After you have transfered your Magento code, files and database to destination server you must do two things. First thing is edit your app/etc/local.xml with new MySQL database name, user, password and new DBMS host (if you are using dedicated DB server).
Second thing is to configure crontab on your new server’s user account to trigger Magento cron. To avoid file permission issues, I advise running Magento cron from crontab belonging to user that your Apache or php-fpm instances are being started under, but this is outside of scope for this article. Changing crontab is done using “crontab -e” command and what you need to do is transfer all crontab entries from your source server (account for possible changes in document root on new environment) viewed using “crontab -l” command. Crontab editor is Vi (Vim) so if you aren’t that good with its insert, save and quit controls, additional instructions are only one Google search away.
Additionally now is the time to configure things like Solr search (requires Java), APC, Redis, Memcached but this is outside of scope for this article.
At this point your destination server should hold both files and database, and have it’s configuration adjusted to host your Magento installation. This means you should do some testing to check is everything in order before you instruct your domain registrar to point your domain to new server IP. For you to be able to do any testing, you need assistance of your development system hosts file (/etc/hosts on unix-like operating systems, %systemroot%system32driversetc on Microsoft operating systems) to point your domain to new IP address for testing purpose. Example of hosts file entry to instruct your development system to look up example.com domain at X.X.X.X IP address would be:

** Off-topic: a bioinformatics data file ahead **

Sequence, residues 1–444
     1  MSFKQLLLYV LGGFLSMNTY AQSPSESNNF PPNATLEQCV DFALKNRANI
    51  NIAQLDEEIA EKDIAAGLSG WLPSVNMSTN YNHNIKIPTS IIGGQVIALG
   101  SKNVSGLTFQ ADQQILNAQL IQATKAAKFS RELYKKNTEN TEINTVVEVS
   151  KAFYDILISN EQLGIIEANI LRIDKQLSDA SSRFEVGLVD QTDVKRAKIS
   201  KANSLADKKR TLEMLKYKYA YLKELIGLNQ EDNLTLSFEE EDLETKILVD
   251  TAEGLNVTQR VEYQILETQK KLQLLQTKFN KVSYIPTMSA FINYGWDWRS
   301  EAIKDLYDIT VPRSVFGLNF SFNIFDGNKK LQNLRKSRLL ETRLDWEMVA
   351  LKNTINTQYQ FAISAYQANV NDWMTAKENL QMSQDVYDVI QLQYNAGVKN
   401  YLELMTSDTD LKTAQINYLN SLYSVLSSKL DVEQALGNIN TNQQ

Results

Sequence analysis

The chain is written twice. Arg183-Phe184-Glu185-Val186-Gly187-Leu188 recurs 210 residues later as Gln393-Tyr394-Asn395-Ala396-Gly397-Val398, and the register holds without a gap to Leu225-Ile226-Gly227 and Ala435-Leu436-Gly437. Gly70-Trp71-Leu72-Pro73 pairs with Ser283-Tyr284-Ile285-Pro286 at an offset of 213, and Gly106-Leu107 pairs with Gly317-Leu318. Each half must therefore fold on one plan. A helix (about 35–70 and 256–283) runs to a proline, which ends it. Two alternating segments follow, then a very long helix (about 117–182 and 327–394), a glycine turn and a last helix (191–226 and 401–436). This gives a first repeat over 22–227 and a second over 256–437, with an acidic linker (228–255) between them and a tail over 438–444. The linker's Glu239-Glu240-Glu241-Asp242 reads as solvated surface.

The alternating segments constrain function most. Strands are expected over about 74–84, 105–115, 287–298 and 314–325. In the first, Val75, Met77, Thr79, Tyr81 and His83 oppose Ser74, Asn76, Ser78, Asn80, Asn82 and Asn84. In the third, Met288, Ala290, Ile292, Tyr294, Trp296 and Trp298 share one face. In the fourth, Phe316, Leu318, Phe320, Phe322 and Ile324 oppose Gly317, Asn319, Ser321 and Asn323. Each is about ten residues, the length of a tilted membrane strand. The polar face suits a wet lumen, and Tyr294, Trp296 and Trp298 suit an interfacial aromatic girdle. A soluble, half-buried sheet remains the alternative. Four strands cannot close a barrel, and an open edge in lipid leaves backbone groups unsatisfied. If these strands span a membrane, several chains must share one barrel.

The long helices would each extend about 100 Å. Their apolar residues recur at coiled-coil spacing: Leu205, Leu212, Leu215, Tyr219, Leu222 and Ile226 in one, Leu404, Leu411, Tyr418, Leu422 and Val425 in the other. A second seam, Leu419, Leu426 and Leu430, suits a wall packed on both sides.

Now you should navigate to your store from your development machine and browse around, try logging into admin and these kind of things. If the site doesn’t load, go and inspect Magento exception log, system log, system reports and finally your web server software log file. Once everything is in order, you can proceed to changing DNS records.
Changing DNS records